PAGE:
The antidepressant imipramine inhibits breast cancer growth by targeting estrogen receptor signaling and DNA repair events

Santosh Timilsina, Subapriya Rajamanickam, Arhan Rao, Panneerdoss Subbarayalu, Saif Nirzhor, Nourhan Abdelfattah, Suryavathi Viswanadhapalli, Yidong Chen, Ismail Jatoi, Andrew Brenner, Manjeet K. Rao, Ratna Vadlamudi, Virginia Kaklamani

Research output: Contribution to journalArticlepeer-review

9 Scopus citations


Aberrant activities of various cell cycle and DNA repair proteins promote cancer growth and progression and render them resistant to therapies. Here, we demonstrate that the anti-depressant imipramine blocks growth of triple-negative (TNBC) and estrogen receptor-positive (ER+) breast cancers by inducing cell cycle arrest and by blocking heightened homologous recombination (HR) and non-homologous end joining-mediated (NHEJ) DNA repair activities. Our results reveal that imipramine inhibits the expression of several cell cycle- and DNA repair-associated proteins including E2F1, CDK1, Cyclin D1, and RAD51. In addition, we show that imipramine inhibits the growth of ER + breast cancers by inhibiting the estrogen receptor- α (ER-α) signaling. Our studies in preclinical mouse models and ex vivo explants from breast cancer patients show that imipramine sensitizes TNBC to the PARP inhibitor olaparib and endocrine resistant ER + breast cancer to anti-estrogens. Our studies suggest that repurposing imipramine could enhance routine care for breast cancer patients. Based on these results, we designed an ongoing clinical trial, where we are testing the efficacy of imipramine for treating patients with triple-negative and estrogen receptor-positive breast cancer. Since aberrant DNA repair activity is used by many cancers to survive and become resistant to therapy, imipramine could be used alone and/or with currently used drugs for treating many aggressive cancers.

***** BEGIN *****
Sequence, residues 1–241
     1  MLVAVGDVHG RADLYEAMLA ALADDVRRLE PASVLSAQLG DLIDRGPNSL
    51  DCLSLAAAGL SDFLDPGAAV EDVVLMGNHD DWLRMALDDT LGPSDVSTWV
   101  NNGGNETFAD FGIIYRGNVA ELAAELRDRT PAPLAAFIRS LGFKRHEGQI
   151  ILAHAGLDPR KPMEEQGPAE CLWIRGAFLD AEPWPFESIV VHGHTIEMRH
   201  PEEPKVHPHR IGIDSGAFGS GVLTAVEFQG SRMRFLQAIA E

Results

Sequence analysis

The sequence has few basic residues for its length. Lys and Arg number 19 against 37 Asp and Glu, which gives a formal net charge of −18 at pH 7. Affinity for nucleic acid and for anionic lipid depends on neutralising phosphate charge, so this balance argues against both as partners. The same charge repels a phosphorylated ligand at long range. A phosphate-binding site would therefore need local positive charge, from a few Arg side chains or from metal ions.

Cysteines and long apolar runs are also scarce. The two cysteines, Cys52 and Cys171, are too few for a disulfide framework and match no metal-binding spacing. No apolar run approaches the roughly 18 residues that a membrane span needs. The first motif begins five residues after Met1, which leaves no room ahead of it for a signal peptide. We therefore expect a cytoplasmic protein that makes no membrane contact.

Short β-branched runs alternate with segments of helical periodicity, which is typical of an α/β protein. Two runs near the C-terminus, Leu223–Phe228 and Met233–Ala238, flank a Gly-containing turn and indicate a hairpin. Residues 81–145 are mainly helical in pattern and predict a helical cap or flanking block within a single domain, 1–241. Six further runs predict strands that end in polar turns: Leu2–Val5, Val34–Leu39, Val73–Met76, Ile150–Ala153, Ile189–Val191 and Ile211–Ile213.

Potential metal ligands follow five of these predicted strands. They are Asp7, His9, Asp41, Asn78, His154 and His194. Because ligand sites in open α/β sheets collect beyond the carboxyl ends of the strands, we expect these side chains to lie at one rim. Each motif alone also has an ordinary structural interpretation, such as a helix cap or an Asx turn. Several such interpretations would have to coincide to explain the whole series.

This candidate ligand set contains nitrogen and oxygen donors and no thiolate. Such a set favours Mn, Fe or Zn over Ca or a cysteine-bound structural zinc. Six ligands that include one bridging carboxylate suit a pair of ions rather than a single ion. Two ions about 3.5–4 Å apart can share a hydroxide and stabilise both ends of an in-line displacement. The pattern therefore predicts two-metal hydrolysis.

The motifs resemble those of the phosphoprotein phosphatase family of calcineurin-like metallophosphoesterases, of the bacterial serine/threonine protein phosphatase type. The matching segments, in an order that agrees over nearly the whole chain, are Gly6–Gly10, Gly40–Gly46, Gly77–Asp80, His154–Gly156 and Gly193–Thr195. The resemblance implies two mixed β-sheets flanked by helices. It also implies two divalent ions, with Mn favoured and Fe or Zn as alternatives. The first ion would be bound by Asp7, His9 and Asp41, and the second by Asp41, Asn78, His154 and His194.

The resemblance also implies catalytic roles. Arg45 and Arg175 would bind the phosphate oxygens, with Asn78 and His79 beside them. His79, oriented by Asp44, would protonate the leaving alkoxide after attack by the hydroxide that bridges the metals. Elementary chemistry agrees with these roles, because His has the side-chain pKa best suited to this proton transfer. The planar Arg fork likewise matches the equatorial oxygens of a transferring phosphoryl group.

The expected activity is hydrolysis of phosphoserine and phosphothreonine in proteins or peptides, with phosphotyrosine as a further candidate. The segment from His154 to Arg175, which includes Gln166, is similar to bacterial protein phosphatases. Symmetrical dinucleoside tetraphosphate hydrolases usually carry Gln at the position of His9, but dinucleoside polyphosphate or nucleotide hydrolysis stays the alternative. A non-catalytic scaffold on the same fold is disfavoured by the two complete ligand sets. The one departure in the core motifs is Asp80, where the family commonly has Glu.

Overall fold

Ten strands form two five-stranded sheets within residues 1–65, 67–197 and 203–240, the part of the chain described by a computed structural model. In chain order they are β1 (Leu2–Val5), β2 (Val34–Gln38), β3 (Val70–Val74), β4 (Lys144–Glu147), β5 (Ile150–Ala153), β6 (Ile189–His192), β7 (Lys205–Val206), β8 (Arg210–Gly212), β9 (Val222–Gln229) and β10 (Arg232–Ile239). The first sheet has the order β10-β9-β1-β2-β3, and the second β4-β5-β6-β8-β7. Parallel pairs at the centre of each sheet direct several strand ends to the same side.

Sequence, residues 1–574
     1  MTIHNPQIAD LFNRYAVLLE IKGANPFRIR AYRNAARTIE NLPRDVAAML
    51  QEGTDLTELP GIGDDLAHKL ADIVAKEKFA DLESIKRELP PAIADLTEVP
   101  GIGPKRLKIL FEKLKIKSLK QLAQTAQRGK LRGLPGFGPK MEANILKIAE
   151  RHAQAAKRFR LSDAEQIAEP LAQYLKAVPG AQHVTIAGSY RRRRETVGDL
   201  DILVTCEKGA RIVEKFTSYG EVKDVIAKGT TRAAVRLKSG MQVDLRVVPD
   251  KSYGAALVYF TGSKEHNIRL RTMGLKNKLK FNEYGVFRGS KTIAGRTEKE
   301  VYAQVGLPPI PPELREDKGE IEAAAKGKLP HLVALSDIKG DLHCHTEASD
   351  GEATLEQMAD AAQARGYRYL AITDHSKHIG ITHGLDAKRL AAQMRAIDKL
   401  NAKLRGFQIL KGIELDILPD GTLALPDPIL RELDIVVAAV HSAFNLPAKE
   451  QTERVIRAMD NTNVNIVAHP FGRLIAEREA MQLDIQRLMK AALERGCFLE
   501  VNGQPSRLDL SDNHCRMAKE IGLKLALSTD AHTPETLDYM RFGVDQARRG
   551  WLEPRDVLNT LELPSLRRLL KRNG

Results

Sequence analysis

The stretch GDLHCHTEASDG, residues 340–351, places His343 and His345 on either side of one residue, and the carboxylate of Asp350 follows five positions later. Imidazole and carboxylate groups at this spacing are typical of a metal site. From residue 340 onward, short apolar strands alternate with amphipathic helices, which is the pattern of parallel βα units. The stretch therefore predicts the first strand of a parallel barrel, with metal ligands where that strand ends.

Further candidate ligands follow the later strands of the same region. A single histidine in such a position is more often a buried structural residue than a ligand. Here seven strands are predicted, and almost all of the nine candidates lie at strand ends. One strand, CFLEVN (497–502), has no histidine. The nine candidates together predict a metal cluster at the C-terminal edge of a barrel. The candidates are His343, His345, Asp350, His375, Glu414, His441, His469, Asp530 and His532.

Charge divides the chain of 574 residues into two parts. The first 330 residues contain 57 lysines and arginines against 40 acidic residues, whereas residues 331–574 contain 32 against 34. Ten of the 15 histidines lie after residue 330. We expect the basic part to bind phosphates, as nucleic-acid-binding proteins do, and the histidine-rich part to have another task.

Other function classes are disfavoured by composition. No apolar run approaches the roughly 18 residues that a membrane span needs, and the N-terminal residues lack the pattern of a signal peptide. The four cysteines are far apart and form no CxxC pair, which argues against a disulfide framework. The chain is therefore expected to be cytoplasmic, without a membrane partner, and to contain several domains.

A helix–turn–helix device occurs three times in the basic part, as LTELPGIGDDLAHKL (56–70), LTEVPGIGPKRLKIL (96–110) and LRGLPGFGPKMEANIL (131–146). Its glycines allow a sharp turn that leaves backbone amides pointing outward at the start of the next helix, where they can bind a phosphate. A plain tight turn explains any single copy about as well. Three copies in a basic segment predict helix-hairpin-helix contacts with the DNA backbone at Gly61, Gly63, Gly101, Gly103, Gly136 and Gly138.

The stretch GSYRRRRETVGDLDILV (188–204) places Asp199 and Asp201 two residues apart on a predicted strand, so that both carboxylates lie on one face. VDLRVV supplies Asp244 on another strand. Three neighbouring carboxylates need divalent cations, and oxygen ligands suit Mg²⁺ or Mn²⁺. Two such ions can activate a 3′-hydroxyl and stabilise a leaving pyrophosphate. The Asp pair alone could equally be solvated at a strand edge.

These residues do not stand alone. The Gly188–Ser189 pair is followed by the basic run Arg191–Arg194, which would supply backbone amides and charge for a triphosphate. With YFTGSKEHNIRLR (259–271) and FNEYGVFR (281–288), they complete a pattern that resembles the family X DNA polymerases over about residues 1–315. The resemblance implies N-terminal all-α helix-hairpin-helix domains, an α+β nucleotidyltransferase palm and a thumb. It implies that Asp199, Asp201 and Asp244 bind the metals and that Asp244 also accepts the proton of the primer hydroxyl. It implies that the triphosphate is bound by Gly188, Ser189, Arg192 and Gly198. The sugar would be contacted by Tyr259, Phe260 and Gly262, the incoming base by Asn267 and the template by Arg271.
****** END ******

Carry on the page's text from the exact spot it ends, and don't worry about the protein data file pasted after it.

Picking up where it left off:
Original languageEnglish (US)
Article number215717
JournalCancer Letters
StatePublished - Aug 1 2022


  • Breast cancer
  • DNA damage
  • DNA repair
  • Drug repurposing
  • Estrogen receptor
  • Imipramine

ASJC Scopus subject areas

  • Oncology
  • Cancer Research


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